In the very presence of God, in the light of the holiest of all; what a standing! what an assurance! No creature preparation or perfectness can avail there; any attempt at such only shows the failure to appreciate the heights of holiness demanded by that light. What is our warrant for daring to walk in this light?
'As He is we are'. Is this 'sinless perfection'? No! If we say we have no sin we deceive ourselves. If we say we have not sinned we make God a liar. It is not by covering up our sins, neither is it by imagining ourselves to have become sinless that we draw near to the presence of the Lord. No; it is by reason of the wondrous grace that has made us 'accepted in the Beloved', that has 'made us meet to be partakers of the inheritance of the saints in light'. With all our imperfections still upon us, with all our sins of omission and commission, we may draw near, to walk in the light. By this, do we make little of sin? No! God does not, but He has made provision. It is not our walk or talk that will ever keep us fit for His holy Presence, but 'if we walk in the light ... the Blood of Jesus Christ His Son cleanseth us from all sin'.
Such is some small fragment of the teaching of these verses. Let us glorify God by believing His Word, and, seeing that by His grace we are (in Christ) as He is, and that as He is we shall be, let us seek by grace to walk as He walked, to walk in the light, to thankfully confess the glorious efficacy of the blood that cleanseth, and to exemplify in some measure the complete sanctification which is ours in Christ Jesus. While we think of the epistle to the Romans when we think of justification, we find that Romans 6:1-14 deals with sanctification under various aspects.
(1) A sphere. It is newness of life.
(2) A condition. It is a union.
(3) A state. Liberty.
(4) How it is apprehended, by reckoning.
(5) It is entirely under grace.
The true sequel of Romans 5:12-21 is Romans 8, where the condemnation brought in by Adam is entirely removed from all who are 'in Christ Jesus'. The Spirit of God, however, knew the heart of man; and how easily even believers may misread liberty for licence, or abuse the overwhelming grace of God. Already the spirit that necessitates Romans 6 and 7 has shown itself. For in Romans 3:7 we have the beginnings of the idea opened up in Romans 6, where the thought that 'the truth of God hath more abounded through my lie unto His glory' is echoed by the question: 'What shall we say then? Shall we continue in sin that grace may abound?'
It is not a question of shall I ever fall into sin, or shall I never discover hidden uncleanness, but shall I 'continue in' sin. Epimeno is used in Romans 11:22-23, where it is used of 'continuing in His goodness', and of 'abiding still in unbelief'. In Romans 6:2 the balancing clause to 'continuing in' is 'living in':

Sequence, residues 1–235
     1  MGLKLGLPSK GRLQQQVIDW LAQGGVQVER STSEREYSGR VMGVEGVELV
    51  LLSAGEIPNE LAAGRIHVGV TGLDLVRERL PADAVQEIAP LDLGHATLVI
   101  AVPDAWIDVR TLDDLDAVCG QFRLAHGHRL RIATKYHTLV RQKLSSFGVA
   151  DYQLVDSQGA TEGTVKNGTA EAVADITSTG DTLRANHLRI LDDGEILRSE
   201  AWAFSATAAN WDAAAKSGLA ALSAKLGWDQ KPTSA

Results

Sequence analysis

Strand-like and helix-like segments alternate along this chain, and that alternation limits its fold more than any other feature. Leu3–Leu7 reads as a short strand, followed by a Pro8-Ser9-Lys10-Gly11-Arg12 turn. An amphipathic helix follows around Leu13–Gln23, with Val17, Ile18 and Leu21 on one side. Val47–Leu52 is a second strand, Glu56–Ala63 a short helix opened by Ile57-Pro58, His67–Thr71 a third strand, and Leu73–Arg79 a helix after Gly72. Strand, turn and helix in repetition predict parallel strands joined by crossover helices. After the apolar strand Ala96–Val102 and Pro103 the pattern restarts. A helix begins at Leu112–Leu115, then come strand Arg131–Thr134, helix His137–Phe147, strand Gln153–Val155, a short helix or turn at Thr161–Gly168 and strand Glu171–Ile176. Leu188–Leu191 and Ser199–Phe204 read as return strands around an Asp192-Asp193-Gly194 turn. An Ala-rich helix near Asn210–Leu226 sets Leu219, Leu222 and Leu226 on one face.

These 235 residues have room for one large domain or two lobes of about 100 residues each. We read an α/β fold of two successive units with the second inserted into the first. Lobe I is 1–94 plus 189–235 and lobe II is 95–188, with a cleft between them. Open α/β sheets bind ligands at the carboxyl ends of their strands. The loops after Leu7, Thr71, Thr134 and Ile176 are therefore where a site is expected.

'How shall we, that are dead to sin, live any longer therein?'
Let us notice for our good that the apostle does not temporize with this question. He does not embark upon a lengthy discourse concerning grace; he does not attempt to mitigate the fullness of superabounding grace; he goes straight to the heart of the matter, revealing it to be a matter of life and death.
Grace is grace because of righteousness, so teaches Romans 5:21: 'Even so might grace reign through righteousness', and the only way that grace could reign through righteousness is for sin to have been dealt with righteously, and we know that the wages of sin is death.
Answer to first objection
The answer to the question of Romans 6:1 is found in 6:3-14. Verse 2 is not so much an answer as a refusal to admit the validity of the objection that superabounding grace will encourage laxity of morals. The close of verse 14 corresponds with verse 2 in setting the objection aside as incompatible with the 'grace wherein we stand'. The answer (3-14) is divided into three main sections:
(1) Identification of the believer in the death, burial and resurrection of Christ (3-10). This we shall discover is subdivided into three features.
(2) Reckoning of the believer that all this is true.
(3) Practical results of this identification and reckoning: 'Let not', 'Yield not'.
Dead to sin
There is a system of teaching that appears to take these words as meaning abstaining from, resisting, mortifying sin, in which there can be degrees of 'depth'. Hence the expression: 'to die more and more unto sin'. There is most truly an experimental entering into the death of Christ, but we are persuaded such is not intended here. In Romans 6:2, Rom. 6:7-9 the verb 'to die' is not thnesko, but apothnesko, 'to die out, to expire, to become quite dead'. Moreover, it is the actual death of Christ that is in view, 'His death' (3 and 5), death 'with Christ' (8), and it is death 'to sin'. Here again we need care. It is not death to the power of sin, but death to its guilt that is here intended. Our death to sin is not mentioned here as of our conduct or our character, but of our State before God. The R.V. recognizes the aorist tense, and translates the passage, 'We who died to sin', in place of the A.V., 'We that are dead to sin'. Into the vexed question of the true rendering of the Greek aorist we cannot go. On verse 7 Dr. Weymouth gives the following note, which is of weight:
'Lit. "has died"; not "is dead". The distinction cannot be expressed in Latin or French, but can in English and in Greek. The classical scholar will find an excellent example in Euripides, Alc. 541 "Those who have died (aorist) are dead (perfect)"'.